Interest Rate Roundup

Monday, October 19, 2009

Bernanke speaks, ignores dollar and signals no policy shift

Okay, so that's not the headline you're going to read on the wires. But really, his speech at the Conference on Asia and the Global Financial Crisis in Santa Barbara, California is very academic. It's focused on longer-term trade and growth issues, and frankly, I don't see any explicit or implicit comments directed at the markets besides the following summary paragraph. And even that paragraph basically just restates the "on the one hand, on the other hand" view about stimulus -- without giving any indication as to whether Bernanke is migrating toward one camp or the other:

"Despite the initial successes of Asian economic policies, risks remain. As in the advanced economies, unwinding the stimulative policies introduced during the crisis will require careful judgment. Policymakers will have to balance the risks of withdrawing policy support too early, which might cut short a nascent recovery, against the risks of leaving expansionary policies in place for too long, which could overheat the economy or worsen longer-term fiscal imbalances. In Asia, as in the rest of the world, the provision of adequate short-term stimulus must not be allowed to detract from longer-term goals, such as the amelioration of excessive global imbalances or ongoing structural reforms to increase productivity and support balanced and sustainable growth."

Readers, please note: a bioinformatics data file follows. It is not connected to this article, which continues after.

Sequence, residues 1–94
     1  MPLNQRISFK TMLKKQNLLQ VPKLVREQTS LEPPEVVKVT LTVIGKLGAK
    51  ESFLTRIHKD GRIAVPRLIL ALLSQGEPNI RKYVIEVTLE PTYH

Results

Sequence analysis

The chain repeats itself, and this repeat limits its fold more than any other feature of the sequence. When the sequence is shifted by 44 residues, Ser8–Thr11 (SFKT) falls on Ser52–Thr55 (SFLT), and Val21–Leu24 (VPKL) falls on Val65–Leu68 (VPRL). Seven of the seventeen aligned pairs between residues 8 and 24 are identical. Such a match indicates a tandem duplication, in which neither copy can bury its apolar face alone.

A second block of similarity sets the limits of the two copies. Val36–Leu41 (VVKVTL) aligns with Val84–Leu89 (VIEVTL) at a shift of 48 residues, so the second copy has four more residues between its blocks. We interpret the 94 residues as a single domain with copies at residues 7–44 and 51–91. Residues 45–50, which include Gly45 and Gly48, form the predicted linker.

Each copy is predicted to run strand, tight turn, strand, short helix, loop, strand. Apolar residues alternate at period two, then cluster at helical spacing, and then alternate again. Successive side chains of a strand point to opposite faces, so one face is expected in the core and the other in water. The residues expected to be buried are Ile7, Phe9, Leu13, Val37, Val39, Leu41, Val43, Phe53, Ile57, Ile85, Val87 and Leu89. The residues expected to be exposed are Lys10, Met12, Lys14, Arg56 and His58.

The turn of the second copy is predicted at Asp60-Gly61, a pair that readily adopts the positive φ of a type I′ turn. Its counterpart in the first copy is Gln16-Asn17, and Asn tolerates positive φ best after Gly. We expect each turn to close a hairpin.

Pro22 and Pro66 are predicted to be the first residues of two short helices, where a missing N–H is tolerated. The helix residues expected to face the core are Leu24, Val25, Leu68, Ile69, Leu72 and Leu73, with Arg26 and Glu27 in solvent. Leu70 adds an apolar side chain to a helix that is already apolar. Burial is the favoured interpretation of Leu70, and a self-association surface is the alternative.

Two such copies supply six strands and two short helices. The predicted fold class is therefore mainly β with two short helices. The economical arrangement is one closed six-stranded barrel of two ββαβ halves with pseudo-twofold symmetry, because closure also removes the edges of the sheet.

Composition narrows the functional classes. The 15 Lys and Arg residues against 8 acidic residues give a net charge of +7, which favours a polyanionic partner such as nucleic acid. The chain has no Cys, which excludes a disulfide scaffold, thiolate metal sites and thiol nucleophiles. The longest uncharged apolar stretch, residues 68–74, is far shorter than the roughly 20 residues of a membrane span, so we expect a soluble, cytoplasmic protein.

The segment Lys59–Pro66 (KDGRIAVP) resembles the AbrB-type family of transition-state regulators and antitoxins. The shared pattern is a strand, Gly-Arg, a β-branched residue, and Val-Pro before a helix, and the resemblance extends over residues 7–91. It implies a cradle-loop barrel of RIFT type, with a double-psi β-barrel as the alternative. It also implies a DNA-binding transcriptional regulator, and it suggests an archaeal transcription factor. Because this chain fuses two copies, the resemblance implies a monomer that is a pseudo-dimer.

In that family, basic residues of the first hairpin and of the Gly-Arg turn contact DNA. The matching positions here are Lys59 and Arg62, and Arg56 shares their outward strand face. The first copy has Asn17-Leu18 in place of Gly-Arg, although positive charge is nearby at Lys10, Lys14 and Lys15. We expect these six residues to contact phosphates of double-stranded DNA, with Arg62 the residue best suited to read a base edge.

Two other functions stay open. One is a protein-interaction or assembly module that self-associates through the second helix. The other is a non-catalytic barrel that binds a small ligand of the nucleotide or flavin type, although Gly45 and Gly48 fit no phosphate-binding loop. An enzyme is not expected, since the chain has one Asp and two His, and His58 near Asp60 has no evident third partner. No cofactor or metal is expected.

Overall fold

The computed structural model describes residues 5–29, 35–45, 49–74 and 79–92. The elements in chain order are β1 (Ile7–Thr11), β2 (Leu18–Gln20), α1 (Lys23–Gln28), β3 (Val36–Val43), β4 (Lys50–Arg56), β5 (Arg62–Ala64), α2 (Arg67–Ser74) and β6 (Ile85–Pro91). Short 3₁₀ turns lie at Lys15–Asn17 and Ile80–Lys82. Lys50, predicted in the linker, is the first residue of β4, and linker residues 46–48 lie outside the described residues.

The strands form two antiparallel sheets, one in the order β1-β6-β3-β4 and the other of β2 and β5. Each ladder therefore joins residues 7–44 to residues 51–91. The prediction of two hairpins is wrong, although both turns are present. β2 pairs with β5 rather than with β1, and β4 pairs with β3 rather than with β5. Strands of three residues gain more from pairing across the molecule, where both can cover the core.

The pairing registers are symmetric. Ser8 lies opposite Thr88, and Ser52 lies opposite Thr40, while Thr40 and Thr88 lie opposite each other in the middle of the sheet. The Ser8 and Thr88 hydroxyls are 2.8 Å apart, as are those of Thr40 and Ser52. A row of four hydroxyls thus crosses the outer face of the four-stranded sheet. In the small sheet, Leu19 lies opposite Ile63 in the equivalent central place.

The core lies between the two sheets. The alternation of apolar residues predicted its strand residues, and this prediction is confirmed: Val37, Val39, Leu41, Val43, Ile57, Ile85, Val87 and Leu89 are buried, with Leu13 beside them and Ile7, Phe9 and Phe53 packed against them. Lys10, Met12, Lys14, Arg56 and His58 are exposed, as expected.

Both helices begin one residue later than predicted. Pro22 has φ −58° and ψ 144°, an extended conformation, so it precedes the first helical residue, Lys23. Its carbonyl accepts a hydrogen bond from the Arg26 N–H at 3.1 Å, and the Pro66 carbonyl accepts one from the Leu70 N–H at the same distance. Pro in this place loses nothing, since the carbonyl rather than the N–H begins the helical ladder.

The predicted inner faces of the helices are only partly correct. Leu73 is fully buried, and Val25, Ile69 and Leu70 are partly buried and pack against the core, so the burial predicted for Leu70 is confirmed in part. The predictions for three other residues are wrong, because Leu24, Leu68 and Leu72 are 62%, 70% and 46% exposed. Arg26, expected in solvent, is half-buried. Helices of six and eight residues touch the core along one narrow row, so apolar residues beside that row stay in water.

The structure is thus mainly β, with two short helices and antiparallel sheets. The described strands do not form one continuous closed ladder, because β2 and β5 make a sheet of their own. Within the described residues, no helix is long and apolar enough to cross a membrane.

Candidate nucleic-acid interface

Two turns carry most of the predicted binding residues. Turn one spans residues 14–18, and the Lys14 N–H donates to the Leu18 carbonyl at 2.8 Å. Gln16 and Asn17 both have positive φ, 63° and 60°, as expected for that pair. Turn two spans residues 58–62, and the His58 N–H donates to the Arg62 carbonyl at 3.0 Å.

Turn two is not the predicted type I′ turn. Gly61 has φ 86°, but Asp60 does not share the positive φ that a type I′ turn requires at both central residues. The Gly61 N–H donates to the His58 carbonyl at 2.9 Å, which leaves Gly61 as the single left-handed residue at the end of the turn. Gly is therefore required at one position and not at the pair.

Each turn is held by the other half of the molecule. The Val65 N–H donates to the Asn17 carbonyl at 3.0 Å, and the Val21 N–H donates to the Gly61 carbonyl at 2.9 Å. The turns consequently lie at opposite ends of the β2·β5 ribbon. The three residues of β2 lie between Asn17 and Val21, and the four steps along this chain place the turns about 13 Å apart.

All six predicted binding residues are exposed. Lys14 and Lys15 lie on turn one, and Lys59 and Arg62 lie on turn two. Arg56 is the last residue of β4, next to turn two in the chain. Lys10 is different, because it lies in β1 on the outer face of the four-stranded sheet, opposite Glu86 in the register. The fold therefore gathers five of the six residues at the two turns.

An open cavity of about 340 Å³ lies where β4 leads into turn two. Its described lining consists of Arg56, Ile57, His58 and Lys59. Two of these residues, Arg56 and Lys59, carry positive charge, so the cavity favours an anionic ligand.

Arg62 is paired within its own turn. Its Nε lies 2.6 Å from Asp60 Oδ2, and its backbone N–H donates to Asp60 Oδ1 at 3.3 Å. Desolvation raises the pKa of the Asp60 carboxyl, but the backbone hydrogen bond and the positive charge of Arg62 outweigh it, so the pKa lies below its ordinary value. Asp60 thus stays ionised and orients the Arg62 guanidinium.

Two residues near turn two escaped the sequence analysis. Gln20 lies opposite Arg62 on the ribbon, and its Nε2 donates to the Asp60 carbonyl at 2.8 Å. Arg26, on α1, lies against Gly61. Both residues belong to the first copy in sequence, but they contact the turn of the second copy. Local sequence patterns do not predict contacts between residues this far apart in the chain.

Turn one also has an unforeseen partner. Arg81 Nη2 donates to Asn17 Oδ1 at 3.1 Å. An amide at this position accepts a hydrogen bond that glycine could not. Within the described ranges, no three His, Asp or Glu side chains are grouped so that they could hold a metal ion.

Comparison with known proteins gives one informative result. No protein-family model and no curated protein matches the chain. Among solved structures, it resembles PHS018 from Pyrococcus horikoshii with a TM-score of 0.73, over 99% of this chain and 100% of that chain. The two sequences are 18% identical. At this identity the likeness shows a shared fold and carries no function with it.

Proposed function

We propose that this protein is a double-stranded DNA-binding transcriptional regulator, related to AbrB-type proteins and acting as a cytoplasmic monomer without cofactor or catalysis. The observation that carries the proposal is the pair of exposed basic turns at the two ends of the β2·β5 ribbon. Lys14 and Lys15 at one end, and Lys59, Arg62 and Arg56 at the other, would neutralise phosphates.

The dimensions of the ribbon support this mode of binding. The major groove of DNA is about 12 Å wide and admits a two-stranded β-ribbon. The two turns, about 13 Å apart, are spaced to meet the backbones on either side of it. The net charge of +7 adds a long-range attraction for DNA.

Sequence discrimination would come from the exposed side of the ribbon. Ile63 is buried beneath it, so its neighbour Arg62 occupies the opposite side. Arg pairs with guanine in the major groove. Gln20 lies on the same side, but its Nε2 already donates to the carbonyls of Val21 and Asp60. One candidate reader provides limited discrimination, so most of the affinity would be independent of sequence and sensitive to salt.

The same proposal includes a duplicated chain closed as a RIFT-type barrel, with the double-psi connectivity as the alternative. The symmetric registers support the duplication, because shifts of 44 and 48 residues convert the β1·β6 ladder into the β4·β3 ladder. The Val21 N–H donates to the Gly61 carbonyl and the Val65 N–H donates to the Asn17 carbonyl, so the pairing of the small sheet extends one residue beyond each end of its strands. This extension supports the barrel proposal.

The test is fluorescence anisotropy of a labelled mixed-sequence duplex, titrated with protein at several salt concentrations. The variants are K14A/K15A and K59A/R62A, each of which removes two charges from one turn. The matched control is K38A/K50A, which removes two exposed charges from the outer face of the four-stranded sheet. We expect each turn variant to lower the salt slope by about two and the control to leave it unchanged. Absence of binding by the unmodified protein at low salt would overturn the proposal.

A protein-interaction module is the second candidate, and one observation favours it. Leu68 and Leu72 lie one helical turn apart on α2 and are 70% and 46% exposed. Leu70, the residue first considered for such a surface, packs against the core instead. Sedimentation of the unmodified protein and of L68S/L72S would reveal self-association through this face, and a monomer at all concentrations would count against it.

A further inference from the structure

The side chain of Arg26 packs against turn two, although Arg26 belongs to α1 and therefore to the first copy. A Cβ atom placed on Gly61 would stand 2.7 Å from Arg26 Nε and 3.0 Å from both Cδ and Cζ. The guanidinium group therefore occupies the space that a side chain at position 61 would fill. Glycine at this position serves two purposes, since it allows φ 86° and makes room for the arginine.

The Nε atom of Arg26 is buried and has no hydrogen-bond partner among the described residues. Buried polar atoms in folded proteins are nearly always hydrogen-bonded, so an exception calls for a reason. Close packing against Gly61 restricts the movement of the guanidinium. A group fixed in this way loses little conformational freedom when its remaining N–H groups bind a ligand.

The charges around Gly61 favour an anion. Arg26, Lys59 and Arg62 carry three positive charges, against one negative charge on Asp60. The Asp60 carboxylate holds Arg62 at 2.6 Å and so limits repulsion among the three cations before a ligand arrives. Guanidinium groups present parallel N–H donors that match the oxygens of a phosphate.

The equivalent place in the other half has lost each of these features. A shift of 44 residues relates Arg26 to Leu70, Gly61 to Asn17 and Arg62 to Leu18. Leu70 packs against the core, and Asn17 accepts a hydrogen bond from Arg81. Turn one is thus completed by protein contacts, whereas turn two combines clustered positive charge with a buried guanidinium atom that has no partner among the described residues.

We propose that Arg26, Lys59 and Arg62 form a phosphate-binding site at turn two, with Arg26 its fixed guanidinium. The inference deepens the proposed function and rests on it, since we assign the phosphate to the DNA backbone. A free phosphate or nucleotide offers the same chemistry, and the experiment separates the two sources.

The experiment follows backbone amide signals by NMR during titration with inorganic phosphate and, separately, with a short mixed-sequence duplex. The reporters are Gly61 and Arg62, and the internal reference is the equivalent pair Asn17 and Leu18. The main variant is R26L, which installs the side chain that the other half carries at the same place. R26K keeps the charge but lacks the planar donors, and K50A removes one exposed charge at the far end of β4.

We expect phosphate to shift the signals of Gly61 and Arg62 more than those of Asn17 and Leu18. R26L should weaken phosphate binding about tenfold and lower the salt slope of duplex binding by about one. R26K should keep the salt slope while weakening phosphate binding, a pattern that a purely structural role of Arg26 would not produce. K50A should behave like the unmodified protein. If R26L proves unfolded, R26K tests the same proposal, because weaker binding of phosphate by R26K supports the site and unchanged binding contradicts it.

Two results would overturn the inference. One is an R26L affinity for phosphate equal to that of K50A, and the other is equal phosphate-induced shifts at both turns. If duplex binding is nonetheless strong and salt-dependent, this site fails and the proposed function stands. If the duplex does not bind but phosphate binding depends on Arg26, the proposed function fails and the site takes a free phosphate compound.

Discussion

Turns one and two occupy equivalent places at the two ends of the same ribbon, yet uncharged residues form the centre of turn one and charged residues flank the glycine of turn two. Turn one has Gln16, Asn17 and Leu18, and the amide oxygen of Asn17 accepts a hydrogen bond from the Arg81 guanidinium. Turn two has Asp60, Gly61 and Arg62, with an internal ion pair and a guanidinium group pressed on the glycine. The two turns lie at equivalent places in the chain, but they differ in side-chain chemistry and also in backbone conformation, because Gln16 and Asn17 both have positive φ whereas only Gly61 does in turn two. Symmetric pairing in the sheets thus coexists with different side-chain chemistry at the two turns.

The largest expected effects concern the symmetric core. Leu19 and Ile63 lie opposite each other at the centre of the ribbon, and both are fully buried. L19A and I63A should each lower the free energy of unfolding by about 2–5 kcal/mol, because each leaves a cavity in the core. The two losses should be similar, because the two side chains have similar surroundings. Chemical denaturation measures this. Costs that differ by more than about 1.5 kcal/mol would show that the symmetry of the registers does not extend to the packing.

Bottom line: I doubt these comments will do much for the beleaguered dollar, which was weakening into the release of Bernanke's remarks at 11 a.m. Indeed, I believe Bernanke's silence on the greenback speaks volume about how much he cares (read: not at all, as I spelled out last week).


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